The Nuclear AMRC’s core work is about infrastructure projects to eliminate greenhouse gas emissions, but smaller changes can also make a difference. For World Environment Day, assistant research engineer Kamryn Ford talks about the Green Impact scheme at the centre.
Green Impact is an award-winning international programme to support environmentally and socially sustainable practice within organisations. Developed by the National Union of Students (NUS), it aims to reinforce positive environmental action within the workplace, universities and the local community.
Teams involved in the scheme plan projects based around environmental and sustainability issues, and can pick up a bronze, silver or gold award for their efforts.
We rebooted the Nuclear AMRC team in September 2019, and I took over from previous placement student Ben Pamment. Thanks to Ben’s efforts last year, the Nuclear AMRC Green Impact team achieved a bronze award for setting up the quiet room.
This is a comfy safe space just behind the reception, for anyone who finds themselves needing some time to reflect or take a breather. It can be used by any staff member at the centre, and is very useful when you are feeling too stressed. The quiet room has a fluffy carpet and an Ikea sofa to take you away from the workplace environment, which helps calm the mind.
This year, our team have worked on two projects to improve both wildlife preservation and the mental and physical wellbeing of Nuclear AMRC staff. Our project choices were based on the 17 UN sustainability goals, which staff all voted on last summer – the top two goals were “climate action” and “good health and wellbeing”.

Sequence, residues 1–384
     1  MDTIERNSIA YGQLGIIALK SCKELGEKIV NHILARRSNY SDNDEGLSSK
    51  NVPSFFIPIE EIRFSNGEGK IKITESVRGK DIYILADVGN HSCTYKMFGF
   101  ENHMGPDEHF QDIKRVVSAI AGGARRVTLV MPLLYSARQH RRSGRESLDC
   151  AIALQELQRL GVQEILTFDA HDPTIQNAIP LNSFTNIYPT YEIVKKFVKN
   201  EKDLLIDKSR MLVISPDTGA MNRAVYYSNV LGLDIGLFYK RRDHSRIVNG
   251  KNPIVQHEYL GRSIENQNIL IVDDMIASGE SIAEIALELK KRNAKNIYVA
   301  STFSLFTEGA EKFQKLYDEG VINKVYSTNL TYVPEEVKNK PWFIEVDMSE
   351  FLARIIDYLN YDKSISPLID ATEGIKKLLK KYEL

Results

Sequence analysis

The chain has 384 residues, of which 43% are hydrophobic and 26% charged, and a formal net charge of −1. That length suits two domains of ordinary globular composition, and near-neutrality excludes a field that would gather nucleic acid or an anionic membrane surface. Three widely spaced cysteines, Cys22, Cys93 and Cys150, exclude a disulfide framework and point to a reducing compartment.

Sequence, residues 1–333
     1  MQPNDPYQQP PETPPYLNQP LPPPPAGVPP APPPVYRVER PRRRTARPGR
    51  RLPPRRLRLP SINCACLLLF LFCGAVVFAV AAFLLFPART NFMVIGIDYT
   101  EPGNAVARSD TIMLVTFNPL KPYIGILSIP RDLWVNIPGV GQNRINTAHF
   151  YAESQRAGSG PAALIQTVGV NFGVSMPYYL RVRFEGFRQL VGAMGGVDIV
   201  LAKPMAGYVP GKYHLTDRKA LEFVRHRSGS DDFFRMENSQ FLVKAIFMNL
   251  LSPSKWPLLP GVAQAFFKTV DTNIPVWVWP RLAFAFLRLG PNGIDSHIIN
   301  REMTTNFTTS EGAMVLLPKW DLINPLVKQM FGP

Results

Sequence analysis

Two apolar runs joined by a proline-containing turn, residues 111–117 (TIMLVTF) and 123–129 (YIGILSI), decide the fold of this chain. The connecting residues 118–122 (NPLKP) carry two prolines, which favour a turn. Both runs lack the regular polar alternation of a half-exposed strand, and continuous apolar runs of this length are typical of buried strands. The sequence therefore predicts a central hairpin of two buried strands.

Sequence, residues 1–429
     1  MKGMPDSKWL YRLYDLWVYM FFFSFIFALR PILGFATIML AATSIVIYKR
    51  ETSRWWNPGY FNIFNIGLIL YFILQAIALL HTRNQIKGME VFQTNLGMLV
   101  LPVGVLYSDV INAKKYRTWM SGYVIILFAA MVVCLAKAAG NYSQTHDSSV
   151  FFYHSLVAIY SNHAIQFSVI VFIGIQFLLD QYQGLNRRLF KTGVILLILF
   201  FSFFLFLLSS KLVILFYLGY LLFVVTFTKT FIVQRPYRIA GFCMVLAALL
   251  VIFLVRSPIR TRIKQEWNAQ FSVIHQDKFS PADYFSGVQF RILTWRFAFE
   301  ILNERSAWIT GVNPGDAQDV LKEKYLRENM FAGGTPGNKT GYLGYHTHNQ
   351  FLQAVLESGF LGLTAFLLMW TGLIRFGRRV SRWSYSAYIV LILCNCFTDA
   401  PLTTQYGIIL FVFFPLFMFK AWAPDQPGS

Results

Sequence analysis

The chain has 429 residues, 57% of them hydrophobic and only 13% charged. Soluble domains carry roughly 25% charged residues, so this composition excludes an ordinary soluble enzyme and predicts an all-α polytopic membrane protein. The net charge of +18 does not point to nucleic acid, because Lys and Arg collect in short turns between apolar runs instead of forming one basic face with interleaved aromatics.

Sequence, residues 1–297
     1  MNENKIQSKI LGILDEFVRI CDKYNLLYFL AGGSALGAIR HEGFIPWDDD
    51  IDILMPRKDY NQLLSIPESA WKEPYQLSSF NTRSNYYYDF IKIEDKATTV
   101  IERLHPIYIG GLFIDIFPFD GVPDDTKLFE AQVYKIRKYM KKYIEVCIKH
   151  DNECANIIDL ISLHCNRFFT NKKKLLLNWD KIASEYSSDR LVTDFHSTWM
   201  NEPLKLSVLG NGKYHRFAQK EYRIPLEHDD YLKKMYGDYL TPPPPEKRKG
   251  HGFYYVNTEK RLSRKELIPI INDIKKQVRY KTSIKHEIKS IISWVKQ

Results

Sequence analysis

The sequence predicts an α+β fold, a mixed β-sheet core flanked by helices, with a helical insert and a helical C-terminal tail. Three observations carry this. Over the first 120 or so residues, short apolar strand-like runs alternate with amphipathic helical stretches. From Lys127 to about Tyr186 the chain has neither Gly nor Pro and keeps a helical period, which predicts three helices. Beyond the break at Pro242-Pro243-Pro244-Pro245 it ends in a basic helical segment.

Our first project aimed to encourage wildlife back to the surrounding grassy areas of the factory grounds. Considering the Advanced Manufacturing Park is just off of a main road with busy traffic, we felt that the little living creatures and creepy-crawlies might need a bit of solitude.
We were very kindly donated some wildflowers to plant from Grow Wild, a community fund charity with aims of bringing people together to volunteer to plant native flora. We also had plans to build bug hotels and beehives on the grounds, with help from our resident beekeeper John Scholey – but unfortunately, our plans came to a halt due to the lockdown.
The second project was to encourage positive mental and physical wellbeing among staff through several ideas, such as after-work walks on the nearby Waverley nature trails, and office plant-growing competitions to improve CO2 conditions (and for a bit of fun).
We also devised plans for more regular social meetups and meals, as workplace depression and loneliness often go unnoticed. We were even going to build a few picnic benches outside for healthier lunches in the fresh air. This, again, came to a grinding halt due to the situation with Covid-19 and social distancing in the workplace.
Although this year may have made our plans much more difficult, we fully expect to return to work and get stuck back into our Green Impact tasks. Our achievements for the work we have managed to do so far, however, have actually won us a bronze award again!
We’re proud of what we have accomplished and proud of the staff for getting involved. Now we can wait patiently for the physical plaque to arrive at the office sometime in the near future, and next year we aim higher for silver or gold!
- For more information about the Green Impact scheme: greenimpact.nus.org.uk